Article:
The i5-3320M and the i5-3360M would probably fall under Option 3. They are most likely being produced using the same die and testing determines the highest stable frequency that they will run at. Minor variations in manufacturing process will lead to some chips not being able to run stably above a certain clock frequency.

It's these minor manufacturing differences that can also explain why two identical setups that are being overclocked cannot achieve the same frequency. Even the same model chip will have manufacturing differences from one lot to the next, and to a lesser extent, one chip to the next. When you push the limits of the chip, these differences become more noticeable in that they affect the chip more.

For instance, I've read of a few people being able to run the same processor as I have stably at frequencies above 4.4GHz. However, I, and most others that have tried, have trouble running anywhere above 4GHz. Though there are also differences in cooling solutions and peripherals to take into consideration, all else being equal, I doubt I'd be able to attain 4.4GHz because of luck of the draw. I didn't get a "perfect" chip. If you hunt around on overclocker forums, you can read a lot more about this.

In terms of manufacturing processes in general, Option 3 is also how resistor tolerances are determined. All 1KΩ resistors come off the same line. They are then tested and packaged at 5%, 1%, and 0.1% tolerances depending on how they test.

The i7 is a different die and could fall under Option 1 or 2 though most likely Option 1 in order to keep up with demand and reduce costs. Any time you have to shut down a line to change out a die, you're losing money. For an outfit like Intel, it's cheaper to run separate lines.

  • \$\begingroup\$ My search-engine searches had not been turning up answers to my question, but I had never thought to add the word overclocking to the searches. Adding this word turns up some interesting results. \$\endgroup\$
    – thb
    Commented Jun 13, 2012 at 21:15
  • \$\begingroup\$ Thank you for the interesting information that the i7 is a different die than the i5. Can you tell me how you know? The reason I ask is that, with a search engine, I only come up hits like this: pcmag.com/image_popup/0,1740,iid=312413,00.asp \$\endgroup\$
    – thb
    Commented Jun 13, 2012 at 21:26
  • 2
    \$\begingroup\$ In that picture, look at the bottom. There is more to the chip than what they show there. The main difference between an i5 and an i7 is that the i5 has it's Hyper Threading disabled. Now weather they do that in the actual die or if they do that via some processes further down the line, I don't know. I'd wager that it's done via some supplemental process. But the different dies come into play in the cache size. \$\endgroup\$ Commented Jun 13, 2012 at 21:36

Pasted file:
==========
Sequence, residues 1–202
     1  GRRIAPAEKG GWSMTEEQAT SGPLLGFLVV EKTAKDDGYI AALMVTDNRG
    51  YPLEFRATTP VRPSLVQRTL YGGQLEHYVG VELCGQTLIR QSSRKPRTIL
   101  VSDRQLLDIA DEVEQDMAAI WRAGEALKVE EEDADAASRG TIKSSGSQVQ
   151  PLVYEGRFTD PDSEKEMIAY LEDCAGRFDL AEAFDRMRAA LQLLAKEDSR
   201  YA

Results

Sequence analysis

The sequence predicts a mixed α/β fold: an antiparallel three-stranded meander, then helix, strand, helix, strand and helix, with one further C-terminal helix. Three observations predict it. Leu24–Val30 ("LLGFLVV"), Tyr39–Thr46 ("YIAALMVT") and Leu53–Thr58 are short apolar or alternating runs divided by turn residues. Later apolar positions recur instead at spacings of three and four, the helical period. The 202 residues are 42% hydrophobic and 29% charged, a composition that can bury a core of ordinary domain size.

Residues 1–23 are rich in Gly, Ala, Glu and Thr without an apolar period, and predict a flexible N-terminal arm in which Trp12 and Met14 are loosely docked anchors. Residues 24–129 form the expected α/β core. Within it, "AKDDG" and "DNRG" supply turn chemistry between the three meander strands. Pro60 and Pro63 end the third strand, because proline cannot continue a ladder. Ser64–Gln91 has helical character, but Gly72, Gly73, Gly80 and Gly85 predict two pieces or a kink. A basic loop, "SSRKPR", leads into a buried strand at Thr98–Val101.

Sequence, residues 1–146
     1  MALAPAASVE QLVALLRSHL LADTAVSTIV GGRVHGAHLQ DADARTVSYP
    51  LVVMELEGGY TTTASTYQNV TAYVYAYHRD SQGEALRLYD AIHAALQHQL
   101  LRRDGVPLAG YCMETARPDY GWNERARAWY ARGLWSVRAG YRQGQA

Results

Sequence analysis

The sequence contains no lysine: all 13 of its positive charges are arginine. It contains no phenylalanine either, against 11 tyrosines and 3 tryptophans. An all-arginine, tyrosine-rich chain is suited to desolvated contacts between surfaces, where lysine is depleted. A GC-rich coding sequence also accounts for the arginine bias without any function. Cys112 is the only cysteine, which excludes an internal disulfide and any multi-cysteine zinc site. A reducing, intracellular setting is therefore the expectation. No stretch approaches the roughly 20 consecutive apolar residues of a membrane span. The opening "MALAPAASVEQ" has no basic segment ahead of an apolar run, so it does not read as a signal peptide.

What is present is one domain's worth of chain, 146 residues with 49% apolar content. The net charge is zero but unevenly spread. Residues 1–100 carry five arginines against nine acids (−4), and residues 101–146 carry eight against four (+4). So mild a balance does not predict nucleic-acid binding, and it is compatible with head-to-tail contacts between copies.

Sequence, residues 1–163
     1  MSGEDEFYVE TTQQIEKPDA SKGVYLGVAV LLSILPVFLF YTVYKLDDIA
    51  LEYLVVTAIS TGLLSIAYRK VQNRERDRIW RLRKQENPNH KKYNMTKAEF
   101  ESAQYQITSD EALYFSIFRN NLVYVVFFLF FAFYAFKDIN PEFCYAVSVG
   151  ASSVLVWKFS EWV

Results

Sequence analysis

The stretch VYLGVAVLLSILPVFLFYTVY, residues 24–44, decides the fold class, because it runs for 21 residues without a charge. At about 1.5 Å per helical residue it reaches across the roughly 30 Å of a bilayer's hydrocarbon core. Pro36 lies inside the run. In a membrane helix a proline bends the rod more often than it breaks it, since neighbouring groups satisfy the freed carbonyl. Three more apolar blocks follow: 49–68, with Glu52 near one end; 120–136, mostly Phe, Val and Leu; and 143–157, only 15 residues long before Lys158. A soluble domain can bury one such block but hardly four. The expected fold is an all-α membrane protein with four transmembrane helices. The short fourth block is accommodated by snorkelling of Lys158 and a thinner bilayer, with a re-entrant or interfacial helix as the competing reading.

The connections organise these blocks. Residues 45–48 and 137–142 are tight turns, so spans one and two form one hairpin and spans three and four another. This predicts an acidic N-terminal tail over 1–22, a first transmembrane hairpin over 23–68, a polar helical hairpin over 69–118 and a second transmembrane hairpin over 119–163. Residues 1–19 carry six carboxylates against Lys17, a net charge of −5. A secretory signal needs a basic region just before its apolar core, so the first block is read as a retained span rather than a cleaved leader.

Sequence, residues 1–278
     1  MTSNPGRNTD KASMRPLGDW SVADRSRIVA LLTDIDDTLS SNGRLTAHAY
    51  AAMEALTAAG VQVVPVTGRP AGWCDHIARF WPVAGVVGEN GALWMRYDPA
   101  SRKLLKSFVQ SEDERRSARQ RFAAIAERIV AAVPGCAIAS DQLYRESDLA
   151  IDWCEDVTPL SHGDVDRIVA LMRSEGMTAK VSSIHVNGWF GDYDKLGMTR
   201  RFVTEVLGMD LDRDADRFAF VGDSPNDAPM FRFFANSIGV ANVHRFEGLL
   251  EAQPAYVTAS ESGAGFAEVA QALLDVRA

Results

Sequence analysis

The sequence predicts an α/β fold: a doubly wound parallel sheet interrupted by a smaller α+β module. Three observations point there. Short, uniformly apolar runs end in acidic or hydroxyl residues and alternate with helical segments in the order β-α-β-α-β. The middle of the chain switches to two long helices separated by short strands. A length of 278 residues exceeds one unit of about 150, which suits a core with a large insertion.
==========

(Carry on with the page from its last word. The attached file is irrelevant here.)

• \$\begingroup\$ Though now that you've got me thinking about it, it's entirely possible that they start off the same. Use one die on one line to etch the main processor then split the line into i5 and i7. The i5's get etched with one cache die and the i7's with another. Then the i7 undergo another process to enable their Hyper Threading. \$\endgroup\$ Commented Jun 13, 2012 at 21:38
  • 1
    \$\begingroup\$ In the case of multi-core microprocessors, a 3-core processor may just be a 4-core processor in which one of the cores failed to meet specs during testing. Refer to this article on Tom's Hardware site. Read the comments to the article for some additional twists (i.e. the 4th core may not even have tested bad, but the manufacturer was short of 3-core processors). \$\endgroup\$
    – tcrosley
    Commented Jun 13, 2012 at 22:10

Two example from an older era, but interesting in context:

The 80486SX was an 80486 with an intentionally destroyed FPU, probably salvage from 80486DX that had faulty coprocessors. The 80487 was a complete 486DX, and mainboard circuitry disabled the 486SX completely when a 487 was plugged in.

Any classic 40 pin 8051 (ROM/OTP) microcontroller can be (and likely has been, if there was overstock of 8051 with unwanted code loaded into it) perfectly sold as an 8031 - it behaves as an 8031 if you wire it up like an 8031. This also applies to the 80C517/80C515 and to many chips in the 8096/80196 family.

  • \$\begingroup\$ It's too bad that your answer, responding to my five-year-old question, won't get more attention and upvotes. It's an interesting answer, +1. Wire it up like an 8031? That's funny. \$\endgroup\$
    – thb
    Commented Jun 20, 2017 at 15:56
  • \$\begingroup\$ See the datasheet and how the EA pin works ... :) Actually tried it with 8051s salvaged from VCRs, Monitors, Keyboards - they did fine in 8031 circuits :) \$\endgroup\$ Commented Jun 20, 2017 at 16:03